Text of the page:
Characters Discussed

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Last Updated on May 7, 2015, by eNotes Editorial. Word Count: 431

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The Prostitute

The Prostitute, Leocadia, who begins and ends the sexual roundelay. She loses what little dignity she has left when she gives herself, free of charge, to the uncaring Soldier on the banks of Vienna’s Danube Canal. In a later sexual encounter with the Count, she is more self-assured, more hopeful, and more “professional.”

The Soldier

The Soldier, Franz, an unfeeling, swaggering macho type. He treats his second sex partner, the Maid, no better than his earlier one as he takes her on a meadow at an amusement park.

The Maid

The Maid, who surrenders herself to the Soldier. She finds that yielding to the blasé young gentleman of the family she works for produces no change in the master-servant relationship.

The Young Gentleman

The Young Gentleman, Alfred, who turns out to be quite an aesthete as he prepares the seduction of a young married woman. He finds himself temporarily impotent, possibly because she is “respectable” and his socioeconomic equal.

The Young Wife

The Young Wife, Emma, the quintessential unfulfilled woman. Yearning for a son, in addition to her daughter, she wistfully remembers her wedding night in Venice as she listens to her husband smugly moralizing about the unhappiness of unfaithful wives.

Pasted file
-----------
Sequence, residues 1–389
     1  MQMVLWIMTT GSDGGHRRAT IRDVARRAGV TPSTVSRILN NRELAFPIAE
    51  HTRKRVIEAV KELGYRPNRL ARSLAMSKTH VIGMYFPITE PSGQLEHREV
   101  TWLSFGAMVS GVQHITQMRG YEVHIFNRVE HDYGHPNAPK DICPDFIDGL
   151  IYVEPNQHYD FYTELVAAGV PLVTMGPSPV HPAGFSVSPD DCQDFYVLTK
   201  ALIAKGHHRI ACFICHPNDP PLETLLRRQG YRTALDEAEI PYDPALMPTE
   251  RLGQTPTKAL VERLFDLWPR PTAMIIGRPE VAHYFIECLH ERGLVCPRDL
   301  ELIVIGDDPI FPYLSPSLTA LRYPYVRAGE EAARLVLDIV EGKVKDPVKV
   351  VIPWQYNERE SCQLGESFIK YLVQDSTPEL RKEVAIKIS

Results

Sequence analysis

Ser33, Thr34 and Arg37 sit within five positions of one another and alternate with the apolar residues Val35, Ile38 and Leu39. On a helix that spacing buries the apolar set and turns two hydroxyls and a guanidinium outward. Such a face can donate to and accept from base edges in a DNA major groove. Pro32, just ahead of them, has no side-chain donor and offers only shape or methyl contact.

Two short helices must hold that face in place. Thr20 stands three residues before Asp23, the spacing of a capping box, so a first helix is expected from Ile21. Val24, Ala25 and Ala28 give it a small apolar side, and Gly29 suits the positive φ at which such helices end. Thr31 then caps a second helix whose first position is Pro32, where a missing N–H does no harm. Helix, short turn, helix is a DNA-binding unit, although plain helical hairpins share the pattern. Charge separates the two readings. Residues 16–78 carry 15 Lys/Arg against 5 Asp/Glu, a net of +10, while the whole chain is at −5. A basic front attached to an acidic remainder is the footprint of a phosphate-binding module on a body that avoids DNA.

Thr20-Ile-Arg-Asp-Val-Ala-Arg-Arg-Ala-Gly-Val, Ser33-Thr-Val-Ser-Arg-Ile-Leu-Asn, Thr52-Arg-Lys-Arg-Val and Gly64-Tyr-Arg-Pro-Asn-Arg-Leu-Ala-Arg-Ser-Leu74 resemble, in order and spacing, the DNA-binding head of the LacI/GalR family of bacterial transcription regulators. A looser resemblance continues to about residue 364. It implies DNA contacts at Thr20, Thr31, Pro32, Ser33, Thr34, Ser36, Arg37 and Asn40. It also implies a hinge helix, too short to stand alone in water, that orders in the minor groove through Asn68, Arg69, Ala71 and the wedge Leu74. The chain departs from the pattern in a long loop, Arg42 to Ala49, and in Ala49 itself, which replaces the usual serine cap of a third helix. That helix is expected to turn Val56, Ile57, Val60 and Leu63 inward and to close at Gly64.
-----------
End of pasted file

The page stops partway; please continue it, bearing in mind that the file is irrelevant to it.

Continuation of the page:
The Husband

The Husband, Karl, a domineering philistine who priggishly preaches the virtues of morality and the benefits of carefully rationed conjugal intercourse even as he prepares to commit adultery.

The Sweet Girl

The Sweet Girl, called in various translations Sweet Young Lady, Sweet Young Thing, Sweet Young Miss, Little Miss, and Little Darling, an earthy, naïve, pleasure-loving girl from the lower class who is by turns prudish and promiscuous. She is always eminently realistic.

The Poet

The Poet, a pretentious, pompous man convinced of his own sophistication and superiority. Having failed to impress the Sweet Girl with his complexity and celebrity, he gets his comeuppance from the Actress, who does want him as a sex partner but ridicules the fanciful vaporings of this poseur.

The Actress

The Actress, a worldly, hard-boiled, capricious, cynical, rather misanthropic woman. She is a take-charge type who uses sex for her enjoyment and prestige and to cement professional and social relationships.

The Count

The Count, a hedonistic but inhibited aristocrat. When he calls on the Actress one morning, he soon finds himself drawn into her bed. He again becomes a reluctant sex partner after following the Prostitute to her shabby room in a drunken stupor, but the next morning he is revealed as a kindly person and sensitive soul as he muses about the meaning of life, permanence, and happiness.




Critical Essays